The spike in food prices of 2007-2008, and presently, is the result of a complex web of factors, stated in Section 3.1. The way land competition has been portrayed is in many ways superfluous because, quite simply, physical availability of land ignores social inequality, huge food waste (some $165 billion annually in the US alone!), low productivity, and so forth. GHG impacts, as explained in Section 3.3, are being constantly challenged as new data come into light and this is welcome. However, a particular weak point is that many studies overlook the impacts of other energy sources, particularly fossil fuels. The same principle applies to the energy balance and subsidies.

The paper also examines in detail the more recent concern with the growing use of biomass for electricity and heat, for example, it is estimated that by 2020 pellet consumption (used mostly in cofiring and small domestic applications) could range between 23 Mt to 80 Mt. However, a more vigorous debate relates to the implications of adverse climate-induced changes.

This paper argues strongly that the use of biomass for energy in a large scale must go hand-in-hand with a modern, diversified, and scientifically driven agricultural sector. Superimposing a biofuel industry, for example, without fundamental changes in agriculture could spell disaster as it will be impossible to provide the huge additional demand on agriculture, efficiently and sustainably, as stated in Section 6.

Biomass energy has been heralded as a key instrument for promoting social and economic development, but as indicated in Section 7, this very much depends on much wider political and social factors. Biomass could, however, make a huge contribution to future energy requirements (Section 8). Biomass is not the panacea for solving our energy problems but given its enormous potential (a minimum of 100 EJ to 300 EJ, with a technical potential of about 500 EJ), it can make a significant contribution to the world’s future energy needs. The key challenge is to ensure it is environmentally and economically sustainable.

Section 9 points to possible alternatives to minimise or avoid food and fuel conflict. There are no easy answers to pressing problem posed by overexploitation of natural resources by an increasing and demanding population, particularly the more affluent societies, with little regard for future generations.

Biomass for energy is both “part of the problem and part of the solution”. This paper argues for a holistic approach to biomass for energy. A new paradigm is required to take full account of its diverse and complex nature, given its technical, economic, social, and political ramifications, particularly for agriculture. Food security and biomass for energy can be mutually complementary rather than exclusive if the right policies are in place.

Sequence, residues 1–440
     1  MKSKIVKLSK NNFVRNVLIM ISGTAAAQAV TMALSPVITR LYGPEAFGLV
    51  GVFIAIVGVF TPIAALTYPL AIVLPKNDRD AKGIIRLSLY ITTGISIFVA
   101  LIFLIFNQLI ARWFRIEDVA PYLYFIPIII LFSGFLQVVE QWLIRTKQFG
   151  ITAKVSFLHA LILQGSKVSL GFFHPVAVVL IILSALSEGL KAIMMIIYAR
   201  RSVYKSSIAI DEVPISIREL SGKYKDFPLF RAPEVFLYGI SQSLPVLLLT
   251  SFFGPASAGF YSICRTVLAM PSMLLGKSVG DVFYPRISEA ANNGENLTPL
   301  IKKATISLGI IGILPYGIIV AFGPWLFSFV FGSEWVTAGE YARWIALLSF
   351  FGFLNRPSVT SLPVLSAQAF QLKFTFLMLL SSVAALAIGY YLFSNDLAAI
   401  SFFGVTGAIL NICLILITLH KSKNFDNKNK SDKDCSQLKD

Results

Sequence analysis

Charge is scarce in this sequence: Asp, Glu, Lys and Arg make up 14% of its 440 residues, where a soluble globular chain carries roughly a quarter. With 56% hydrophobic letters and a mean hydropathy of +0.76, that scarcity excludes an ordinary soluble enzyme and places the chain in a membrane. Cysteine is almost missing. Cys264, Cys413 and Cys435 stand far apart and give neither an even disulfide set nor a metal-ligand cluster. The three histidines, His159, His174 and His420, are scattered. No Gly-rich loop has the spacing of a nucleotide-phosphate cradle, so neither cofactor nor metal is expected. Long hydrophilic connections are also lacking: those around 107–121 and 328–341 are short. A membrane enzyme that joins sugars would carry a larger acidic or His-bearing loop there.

2. Introduction

Broadly speaking the food versus fuel debate has three important differences: (i) a historical debate on liquid biofuels (ethanol and biodiesel for road transport), (ii) emerging concern with the use of solid biomass (bioenergy) for electricity and heat, and (iii) climate-induced concerns.

The debate is not new (see [3]) although intensified significantly in 2007 and 2008 partly because of the sharp increase in food prices largely attributed, rightly or wrongly, to biofuels. Also, new evidence has emerged questioning the overall greenhouse gas (GHG) benefits of biofuels though there is little consensus. In addition, there are widely and diverging views on the sustainability of the current and future biofuels (e.g., see [410]).

Section 3 focuses primarily on the food versus fuel debate, including impacts of food prices, land competition, GHG, energy balance, and energy subsidies. Section 4 looks at the concerns posed by the rapid expansion of bioenergy for electricity and heat; Section 5 examines the problems posed by adverse climatic changes. The role of agriculture, a key factor in the success or failure, is covered in Section 6. Section 7 considers, briefly, the social impacts, and Section 8 assesses the potential of biomass energy resources which can make a huge contribution to future energy needs. Finally Section 9 examines various alternatives to minimize or avoid conflict between food and fuel production.

3. The Food versus Biofuel Debate: A Narrow Debate Focused on a Handful of Crops and Driven by Media, Ethical Concerns Rather Than by Science

Energy security concerns, high oil prices, and growing commitment to address climate change sparked off a debate on potential implications of large scale use of biofuels. This section focus on the main areas of the biofuels debate: food price increases, land completion, GHG/environmental issues, energy balance, and subsidies, which have all been at the core of the debate.